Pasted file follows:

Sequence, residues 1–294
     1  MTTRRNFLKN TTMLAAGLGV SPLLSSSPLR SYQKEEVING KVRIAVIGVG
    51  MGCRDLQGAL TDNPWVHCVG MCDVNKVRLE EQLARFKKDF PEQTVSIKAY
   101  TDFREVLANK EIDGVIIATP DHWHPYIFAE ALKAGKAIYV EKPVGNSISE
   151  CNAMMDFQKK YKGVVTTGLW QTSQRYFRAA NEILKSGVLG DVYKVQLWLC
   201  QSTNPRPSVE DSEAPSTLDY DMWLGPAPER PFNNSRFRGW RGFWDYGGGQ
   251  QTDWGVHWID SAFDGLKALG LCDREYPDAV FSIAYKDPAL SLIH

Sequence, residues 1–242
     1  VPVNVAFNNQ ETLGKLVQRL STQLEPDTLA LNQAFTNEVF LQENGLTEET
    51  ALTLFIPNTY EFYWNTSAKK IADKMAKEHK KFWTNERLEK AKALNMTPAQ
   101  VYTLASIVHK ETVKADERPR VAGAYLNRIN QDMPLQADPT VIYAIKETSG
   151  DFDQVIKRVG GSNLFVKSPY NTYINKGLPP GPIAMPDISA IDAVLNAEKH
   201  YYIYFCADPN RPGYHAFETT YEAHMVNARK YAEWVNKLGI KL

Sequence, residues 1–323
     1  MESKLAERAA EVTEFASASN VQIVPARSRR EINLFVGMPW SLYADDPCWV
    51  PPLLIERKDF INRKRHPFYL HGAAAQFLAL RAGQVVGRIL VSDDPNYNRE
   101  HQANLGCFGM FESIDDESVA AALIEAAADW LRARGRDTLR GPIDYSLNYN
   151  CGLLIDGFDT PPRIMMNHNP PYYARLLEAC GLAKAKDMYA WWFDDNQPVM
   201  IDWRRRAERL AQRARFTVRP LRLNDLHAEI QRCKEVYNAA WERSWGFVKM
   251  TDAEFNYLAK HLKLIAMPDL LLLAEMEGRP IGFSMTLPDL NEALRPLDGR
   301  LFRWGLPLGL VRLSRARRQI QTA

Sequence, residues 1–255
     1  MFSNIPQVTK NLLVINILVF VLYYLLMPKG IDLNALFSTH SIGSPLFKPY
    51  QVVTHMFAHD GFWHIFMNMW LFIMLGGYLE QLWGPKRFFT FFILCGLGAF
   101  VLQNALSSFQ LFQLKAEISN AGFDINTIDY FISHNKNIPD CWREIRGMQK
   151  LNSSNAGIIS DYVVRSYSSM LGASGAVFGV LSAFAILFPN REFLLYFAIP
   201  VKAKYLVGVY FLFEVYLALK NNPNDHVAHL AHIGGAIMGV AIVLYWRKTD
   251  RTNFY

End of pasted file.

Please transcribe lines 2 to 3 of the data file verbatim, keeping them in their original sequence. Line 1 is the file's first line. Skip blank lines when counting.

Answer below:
     1  MTTRRNFLKN TTMLAAGLGV SPLLSSSPLR SYQKEEVING KVRIAVIGVG
    51  MGCRDLQGAL TDNPWVHCVG MCDVNKVRLE EQLARFKKDF PEQTVSIKAY